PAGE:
I was trying to put together new order on iHerb, and i was startled to find that the shipping is no longer a flat US$4 for orders below US$40, or free for orders above US$40, as it had been for the past 6 years during which i have been a loyal customer. I’ve only just placed an order on 25 Dec 2016, but, apparently, iHerb has overhauled the business from 2017.
There is, unfortunately, no clear explanation about the exact change in the shipping fee calculation on the website, which is a shame. The claim in their announcement about what’s new in 2017 is this: “significantly lower prices across the majority of our products, better shipping rates to your country–or both!”. Yeah, right. The supposedly lower prices (i checked, some items are around 10% cheaper, but others are the same price or even more than before!) may not offset the shipping fee. Continue reading No more free shipping with iHerb
I know it sounds lame, recommending supplements from iHerb. Supplements is almost entirely what iHerb is about. I suppose when iHerb started, they were selling mostly supplements, from which they probably derived the name iHerb, rather than the literal herbs (for cooking). Well, they’ve expanded their product offering a lot since then, selling toiletries, snacks and even toys.
Well, i have recommended getting fish oil from iHerb, and to date i am still taking fish oil as supplements everyday. No harm since it’s a very small cost. We (my wife and myself) have slowly expanded our daily supplement intake to include other things now, which is probably needful as we age. The other supplements that i have felt helpful are the ones for joint (knee) support. Continue reading iHerb product recommendation – supplements
You must be thinking, why ship dish soap from the US when you have tonnes of choices in the local supermarket? Well, if you want dish soap made mostly of natural ingredients, then there isn’t much choices available in the local supermarkets in Singapore really. Does it make much difference you ask me, between chemical based and natural plant-derived dish soap. The answer is a resounding YES.
This may sound crazy but i often ship toiletries from the US through iHerb. I mean, why not, since, for a flat fee of US$4, you can ship up to 6.3kg worth of stuff each time? Some of these products are simply cheaper on iHerb, and some are just not available in Singapore. Take for example, Method All Purpose Natural Surface Cleaner (US$3.82 ~S$5.23) which i like to use on the dining table and kitchen countertop. The price in Singapore is $7.90.
Believe it or not, i often ship flour from iHerb.com. They carry flour mostly from 3 brands – King Arthur Flour, Bob’s Red Mill and Arrowhead Mills. If you’re into baking, you would have come across the acronym KAF when you browse forums on baking. After a while you’d realize that KAF stands for King Arthur Flour, a highly regarded brand for flour. Naturally, you pay a premium for this branded flour, and unfortunately iHerb only offers the much-more-expensive organic variant (US$9.20 per 5 pound/2.27kg bag). The Market Place supermarket, and sometimes Cold Storage sells the non-organic 5 pound bag of Unbleached flour at S$10.30, so if you swear by KAF, the Market Place supermarket is your best bet (just for comparison sake, it’s only US$3.98 ~S$5.45 on Walmart).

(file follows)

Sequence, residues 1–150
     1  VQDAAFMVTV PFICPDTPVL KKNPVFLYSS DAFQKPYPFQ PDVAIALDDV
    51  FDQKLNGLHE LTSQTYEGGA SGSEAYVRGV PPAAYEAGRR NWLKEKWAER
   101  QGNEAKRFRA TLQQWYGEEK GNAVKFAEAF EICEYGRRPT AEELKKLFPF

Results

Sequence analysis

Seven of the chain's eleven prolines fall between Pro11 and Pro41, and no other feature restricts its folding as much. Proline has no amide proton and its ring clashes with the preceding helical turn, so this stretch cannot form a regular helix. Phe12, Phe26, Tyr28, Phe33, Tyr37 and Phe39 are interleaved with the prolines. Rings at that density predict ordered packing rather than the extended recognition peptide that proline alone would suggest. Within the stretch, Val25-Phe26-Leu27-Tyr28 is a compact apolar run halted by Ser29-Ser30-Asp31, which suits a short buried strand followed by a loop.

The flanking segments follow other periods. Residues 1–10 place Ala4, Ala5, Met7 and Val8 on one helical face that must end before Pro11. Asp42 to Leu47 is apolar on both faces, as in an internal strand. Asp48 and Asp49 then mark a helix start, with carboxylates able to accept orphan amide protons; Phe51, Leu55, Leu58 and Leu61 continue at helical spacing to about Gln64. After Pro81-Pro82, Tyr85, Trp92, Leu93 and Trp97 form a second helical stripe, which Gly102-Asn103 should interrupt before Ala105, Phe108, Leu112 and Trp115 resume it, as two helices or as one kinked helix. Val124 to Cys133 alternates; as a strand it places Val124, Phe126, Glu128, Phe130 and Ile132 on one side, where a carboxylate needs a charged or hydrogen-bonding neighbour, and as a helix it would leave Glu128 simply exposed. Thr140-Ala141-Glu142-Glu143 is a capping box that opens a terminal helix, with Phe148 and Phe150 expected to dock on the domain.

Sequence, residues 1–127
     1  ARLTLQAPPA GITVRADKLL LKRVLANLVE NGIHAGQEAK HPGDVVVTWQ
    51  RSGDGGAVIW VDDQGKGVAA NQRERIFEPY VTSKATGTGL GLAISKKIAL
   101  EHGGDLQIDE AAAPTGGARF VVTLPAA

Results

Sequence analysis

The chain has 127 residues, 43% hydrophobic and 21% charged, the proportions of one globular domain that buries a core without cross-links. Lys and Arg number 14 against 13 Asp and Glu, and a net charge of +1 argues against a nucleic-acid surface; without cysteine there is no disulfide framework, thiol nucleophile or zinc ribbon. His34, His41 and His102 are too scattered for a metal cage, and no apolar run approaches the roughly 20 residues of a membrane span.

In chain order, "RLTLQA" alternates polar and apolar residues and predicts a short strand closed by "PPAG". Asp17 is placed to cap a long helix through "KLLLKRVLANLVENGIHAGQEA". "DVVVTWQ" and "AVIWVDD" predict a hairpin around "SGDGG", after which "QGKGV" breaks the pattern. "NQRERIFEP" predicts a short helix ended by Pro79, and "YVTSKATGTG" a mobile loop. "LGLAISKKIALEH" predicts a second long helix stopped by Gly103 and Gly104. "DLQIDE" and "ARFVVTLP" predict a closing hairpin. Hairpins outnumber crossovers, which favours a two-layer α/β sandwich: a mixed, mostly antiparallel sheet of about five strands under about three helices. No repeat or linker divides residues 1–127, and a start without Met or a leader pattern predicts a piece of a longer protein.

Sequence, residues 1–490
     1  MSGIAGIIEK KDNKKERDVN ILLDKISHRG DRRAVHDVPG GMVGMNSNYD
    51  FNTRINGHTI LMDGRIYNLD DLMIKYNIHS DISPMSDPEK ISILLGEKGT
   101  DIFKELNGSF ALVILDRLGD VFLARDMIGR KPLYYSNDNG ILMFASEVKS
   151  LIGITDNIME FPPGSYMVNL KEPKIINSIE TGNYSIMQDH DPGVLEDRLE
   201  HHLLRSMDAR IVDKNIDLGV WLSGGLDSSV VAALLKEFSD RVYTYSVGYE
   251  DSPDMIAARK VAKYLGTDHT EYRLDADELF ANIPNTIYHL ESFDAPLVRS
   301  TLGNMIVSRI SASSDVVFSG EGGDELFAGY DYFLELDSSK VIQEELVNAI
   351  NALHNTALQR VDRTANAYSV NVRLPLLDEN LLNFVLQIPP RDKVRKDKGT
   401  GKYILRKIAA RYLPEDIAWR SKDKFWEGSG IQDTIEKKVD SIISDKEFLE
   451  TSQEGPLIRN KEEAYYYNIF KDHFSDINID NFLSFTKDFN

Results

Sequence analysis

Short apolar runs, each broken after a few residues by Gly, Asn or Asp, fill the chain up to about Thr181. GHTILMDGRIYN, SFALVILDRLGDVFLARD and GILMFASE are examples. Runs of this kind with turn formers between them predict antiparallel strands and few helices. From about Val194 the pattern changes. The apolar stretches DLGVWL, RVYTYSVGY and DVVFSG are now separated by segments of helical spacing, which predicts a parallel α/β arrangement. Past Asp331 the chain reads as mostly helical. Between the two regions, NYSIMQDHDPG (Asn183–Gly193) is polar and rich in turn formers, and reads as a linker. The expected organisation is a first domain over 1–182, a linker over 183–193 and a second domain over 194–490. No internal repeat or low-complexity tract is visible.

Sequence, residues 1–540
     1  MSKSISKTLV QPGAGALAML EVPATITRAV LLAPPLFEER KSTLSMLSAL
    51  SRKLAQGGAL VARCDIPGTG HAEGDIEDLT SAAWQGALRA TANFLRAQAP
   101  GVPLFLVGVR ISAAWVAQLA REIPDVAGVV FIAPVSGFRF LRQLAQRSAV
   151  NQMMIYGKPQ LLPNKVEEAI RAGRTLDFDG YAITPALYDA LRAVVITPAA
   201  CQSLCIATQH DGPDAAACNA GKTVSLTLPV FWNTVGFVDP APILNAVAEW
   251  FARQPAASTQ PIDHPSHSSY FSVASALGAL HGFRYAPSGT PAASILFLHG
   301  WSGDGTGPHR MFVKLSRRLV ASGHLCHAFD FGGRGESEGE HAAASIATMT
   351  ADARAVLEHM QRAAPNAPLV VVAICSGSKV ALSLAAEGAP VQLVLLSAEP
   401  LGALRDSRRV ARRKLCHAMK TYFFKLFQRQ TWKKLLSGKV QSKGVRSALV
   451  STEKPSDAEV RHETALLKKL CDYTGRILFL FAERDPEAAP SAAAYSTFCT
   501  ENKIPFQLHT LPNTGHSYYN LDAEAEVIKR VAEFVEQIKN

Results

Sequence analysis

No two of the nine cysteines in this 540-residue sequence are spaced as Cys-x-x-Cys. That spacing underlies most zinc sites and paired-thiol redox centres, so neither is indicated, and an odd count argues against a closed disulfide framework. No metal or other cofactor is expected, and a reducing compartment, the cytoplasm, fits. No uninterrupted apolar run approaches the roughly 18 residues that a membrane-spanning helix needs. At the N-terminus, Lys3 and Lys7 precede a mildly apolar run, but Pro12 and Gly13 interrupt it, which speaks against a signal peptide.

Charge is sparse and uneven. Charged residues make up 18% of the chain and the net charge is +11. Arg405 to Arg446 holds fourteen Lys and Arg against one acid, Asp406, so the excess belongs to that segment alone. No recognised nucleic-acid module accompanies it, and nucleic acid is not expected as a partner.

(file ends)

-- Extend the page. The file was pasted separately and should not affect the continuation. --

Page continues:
Any self-respecting baker will recommend the use of unbleached flour. While i can’t confirm this, i presume that most, if not all the local branded non-organic flour are chemically bleached (since they do not state otherwise) Update: they now label their flour as unbleached. If you care about eating non-chemically treated flour, you could, again, buy from the Market Place/Cold Storage supermarket, or iHerb. The Market Place/Cold Storage sells Pillsbury Best (from USA) Unbleached All-Purpose (S$7.40 S$8.05 for 5 pounds) and Waitrose branded (from UK) range of flour. Update 4/3/2016: Fairprice Xtra or Finest also sell Pillsbury Best Unbleached, for only S$7.20. On the other hand, the cheapest unbleached All-Purpose flour on iHerb is this one – Bob’s Red Mill Unbleached All-Purpose White Flour (US$5.64 ~S$7.75 for 5 pounds). These unbleached flour are just slightly more expensive than the local branded flour, definitely recommended.
iHerb offers a very extensive range of Bob’s Red Mill products. While they are also sold at Cold Storage, iHerb’s is probably more comprehensive. You can have fun trying them out – whole wheat pastry flour, kamut, spelt, flax seed meal etc.
Other items you might be interested to get from iHerb for baking are buttermilk powder (saves you a lot of hassle from having to buy the fresh ones from the supermarket which you may not be able to use up each time), oil, shortening (don’t use Crisco!), vital wheat gluten and baking powder (i find that the local brand Bake King Baking Powder has a tart taste, and more importantly, it does not state that it contains no aluminium, which poses a health risk).
Update: it appears iHerb may not ship Bob’s Red Mill’s unbleached all purpose flour anymore. It is forever out of stock, but when you check the stock availability with your location set to the US, you will discover that it is available. I suspect it is due to exclusive distributorship agreements, whereby iHerb is no longer allowed to ship to Singapore. Anyway, since unbleached all purpose flour is now readily available from local supermarkets, and the price is reasonable, there is no need to buy from iHerb.
Update 24/3/2016: I managed to ship Bob’s Red Mill’s unbleached all purpose flour from iHerb again. I find that it smells and taste better than the Pillsbury flour sold in local supermarkets, which is also imported from the US.
Update 16/8/2016: I think my shipment of Bob’s Red Mill’s unbleached all purpose flour in July was the very last one. iHerb has discontinued the product, as well as most other flour products for Singapore customers.